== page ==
Turkey on Monday summoned the Greek ambassador to protest the alleged deployment of dozens of U.S.-made armored vehicles to Greek islands which Ankara says should remain demilitarized in line with international treaties.

President Recep Tayyip Erdogan warned, meanwhile, that Turkey wouldn't hold back on defending its rights and interests against Greece.

Turkish media on Sunday published aerial images that they said showed the deployment of armored vehicles by Greece to the Aegean islands of Samos and Lesbos, heightening tensions between the two NATO countries that have a history of rivalry. Turkish officials say the deployment is in violation of the islands' nonmilitary status according to international law.

Turkish officials summoned Greek Ambassador Christodoulos Lazaris to the Turkish Foreign Ministry on Monday, the state-run Anadolu Agency reported. It said Turkey also filed a protest with Washington, but didn't provide details.


Erdogan accused Greece of engaging in acts of provocation against Turkey.

President of Turkey Recep Tayyip Erdogan

President of Turkey Recep Tayyip Erdogan addresses the 77th session of the United Nations General Assembly on Sept. 20, 2022, at U.N. headquarters. (AP Photo/Mary Altaffer)

"We will not fail to defend our country’s rights and interests against Greece by using all the means at our disposal, when necessary," Erdogan said following a Cabinet meeting.

Turkey and Greece have decades-old disputes over an array of issues, including territorial claims in the Aegean Sea and disputes over the airspace there. The disputes have brought them to the brink of war three times in the last half-century.

Tensions flared in 2020 over exploratory drilling rights in areas of the Mediterranean Sea — where Greece and Cyprus claim exclusive economic zones — leading to a naval standoff.


More recently, Turkey has accused Greece of violating international agreements by militarizing islands in the Aegean Sea. It has also accused Greek surface-to-air missiles of locking on to Turkish F-16 fighter jets carrying out a reconnaissance mission in international airspace — an accusation Greece has rejected.

Athens says it needs to defend the islands — many of which lie close to Turkey’s coast — against a potential attack from Turkey.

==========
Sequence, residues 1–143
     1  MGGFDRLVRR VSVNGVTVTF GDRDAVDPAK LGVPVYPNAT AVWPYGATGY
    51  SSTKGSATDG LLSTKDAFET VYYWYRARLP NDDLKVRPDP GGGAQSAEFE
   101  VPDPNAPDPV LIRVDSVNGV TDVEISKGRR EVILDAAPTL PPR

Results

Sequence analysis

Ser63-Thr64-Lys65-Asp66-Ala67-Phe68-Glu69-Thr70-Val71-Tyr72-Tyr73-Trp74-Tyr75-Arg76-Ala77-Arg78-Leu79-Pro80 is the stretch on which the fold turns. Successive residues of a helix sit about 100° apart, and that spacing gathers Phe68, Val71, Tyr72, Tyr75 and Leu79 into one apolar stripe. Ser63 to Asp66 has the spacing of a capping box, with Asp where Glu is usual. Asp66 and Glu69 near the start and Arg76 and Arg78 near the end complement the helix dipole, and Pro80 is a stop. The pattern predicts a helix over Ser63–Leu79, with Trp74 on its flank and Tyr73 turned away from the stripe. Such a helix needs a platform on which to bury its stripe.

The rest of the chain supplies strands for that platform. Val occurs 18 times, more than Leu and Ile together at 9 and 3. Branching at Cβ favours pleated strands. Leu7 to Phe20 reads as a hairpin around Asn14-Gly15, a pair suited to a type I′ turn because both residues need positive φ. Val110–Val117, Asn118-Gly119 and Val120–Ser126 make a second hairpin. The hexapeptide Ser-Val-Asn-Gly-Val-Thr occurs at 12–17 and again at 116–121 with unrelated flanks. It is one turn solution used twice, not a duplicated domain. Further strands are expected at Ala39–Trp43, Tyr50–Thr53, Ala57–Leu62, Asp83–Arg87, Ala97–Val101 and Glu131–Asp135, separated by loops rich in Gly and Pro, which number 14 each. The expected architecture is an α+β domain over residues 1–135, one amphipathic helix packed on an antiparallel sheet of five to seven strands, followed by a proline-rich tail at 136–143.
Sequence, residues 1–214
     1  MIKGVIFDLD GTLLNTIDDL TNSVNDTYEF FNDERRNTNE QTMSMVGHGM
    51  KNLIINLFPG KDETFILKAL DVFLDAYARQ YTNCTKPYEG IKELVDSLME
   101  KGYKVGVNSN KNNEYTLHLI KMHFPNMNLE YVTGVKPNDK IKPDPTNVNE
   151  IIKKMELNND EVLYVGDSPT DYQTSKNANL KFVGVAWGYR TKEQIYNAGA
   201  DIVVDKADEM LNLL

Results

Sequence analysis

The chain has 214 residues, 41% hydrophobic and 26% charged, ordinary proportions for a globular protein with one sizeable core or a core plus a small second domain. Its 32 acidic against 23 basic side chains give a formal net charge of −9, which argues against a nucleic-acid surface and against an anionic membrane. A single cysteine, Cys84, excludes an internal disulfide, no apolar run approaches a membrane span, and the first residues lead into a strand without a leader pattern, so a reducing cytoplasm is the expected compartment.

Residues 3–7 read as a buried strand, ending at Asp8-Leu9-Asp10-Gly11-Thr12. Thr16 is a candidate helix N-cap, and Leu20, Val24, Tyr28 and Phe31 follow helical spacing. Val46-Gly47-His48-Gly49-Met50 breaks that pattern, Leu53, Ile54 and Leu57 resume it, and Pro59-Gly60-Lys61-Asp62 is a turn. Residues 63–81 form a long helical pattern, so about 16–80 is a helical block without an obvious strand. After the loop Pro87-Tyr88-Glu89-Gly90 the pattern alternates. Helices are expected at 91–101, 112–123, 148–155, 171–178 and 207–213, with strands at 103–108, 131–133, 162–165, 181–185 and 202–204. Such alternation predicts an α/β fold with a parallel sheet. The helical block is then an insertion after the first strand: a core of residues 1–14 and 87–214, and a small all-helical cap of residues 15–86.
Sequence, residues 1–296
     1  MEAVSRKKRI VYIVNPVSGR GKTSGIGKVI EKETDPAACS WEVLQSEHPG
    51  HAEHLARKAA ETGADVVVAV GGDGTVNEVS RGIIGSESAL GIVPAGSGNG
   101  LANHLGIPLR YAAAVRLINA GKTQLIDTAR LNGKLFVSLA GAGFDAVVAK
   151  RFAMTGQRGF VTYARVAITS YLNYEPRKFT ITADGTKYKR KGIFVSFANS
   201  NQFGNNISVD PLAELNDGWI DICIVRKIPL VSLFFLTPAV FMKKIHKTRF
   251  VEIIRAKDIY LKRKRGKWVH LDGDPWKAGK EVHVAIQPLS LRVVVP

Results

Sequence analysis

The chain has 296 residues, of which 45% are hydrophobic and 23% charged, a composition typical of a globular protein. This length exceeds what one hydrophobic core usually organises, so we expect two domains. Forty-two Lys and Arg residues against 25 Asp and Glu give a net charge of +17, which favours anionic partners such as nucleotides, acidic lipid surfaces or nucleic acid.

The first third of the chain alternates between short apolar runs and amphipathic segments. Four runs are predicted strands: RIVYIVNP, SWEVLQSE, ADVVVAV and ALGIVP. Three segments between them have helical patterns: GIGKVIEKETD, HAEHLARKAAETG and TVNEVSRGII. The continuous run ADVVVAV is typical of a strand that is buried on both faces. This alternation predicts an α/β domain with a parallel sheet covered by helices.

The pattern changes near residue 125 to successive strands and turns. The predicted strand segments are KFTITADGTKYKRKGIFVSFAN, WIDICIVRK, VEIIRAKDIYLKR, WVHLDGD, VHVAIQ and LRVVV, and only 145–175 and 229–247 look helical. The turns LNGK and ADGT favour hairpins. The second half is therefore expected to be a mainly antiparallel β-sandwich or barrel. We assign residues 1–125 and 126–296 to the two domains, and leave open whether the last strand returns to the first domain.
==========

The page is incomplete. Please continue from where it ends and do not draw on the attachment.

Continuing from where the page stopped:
A Greek government official told The Associated Press that Greece "fully respects" its international obligations, adding that the Greek ambassador told his interlocuters that "Greece is not the country that is threatening its neighbor with war or assembling a large landing force on its coastline as Turkey has done."

The official added that Turkey "continues to violate Greece’s sovereignty with its continuous violations of its airspace and overflights of Greek territory." The official, who wasn't authorized to speak publicly to the news media, made the remarks on condition of anonymity.

Turkish media reports quoted security officials as saying 23 of the armored vehicles were sent to Lesbos and 18 others were sent to Samos.

Meanwhile, Greek authorities said a six-year-old migration agreement between Turkey and the European Union remains in effect despite an escalating dispute between the two neighbors over the treatment of refugees.

Notis Mitarachi, the migration affairs minister, said Greece will continue to observe the 2016 deal that allows it to send back most migrants travelling illegally from nearby Turkey.

"It is clear that for those coming from Syria, Afghanistan, Somalia, Pakistan and Bangladesh, that Turkey is a safe country," Mitarachi said. "Unfortunately, smugglers are still ‘selling tickets’ to people from those countries."


Speaking at the U.N. General Assembly, Erdogan last week accused Greece of committing "crimes against humanity" by carrying out potentially deadly expulsions of migrants travelling from the Turkish mainland to nearby Greek islands.

Greek Prime Minister Kyriakos Mitsotakis described the claims as "absurd," charging Turkey with "weaponizing" migration to apply political pressure on Greece and other European countries.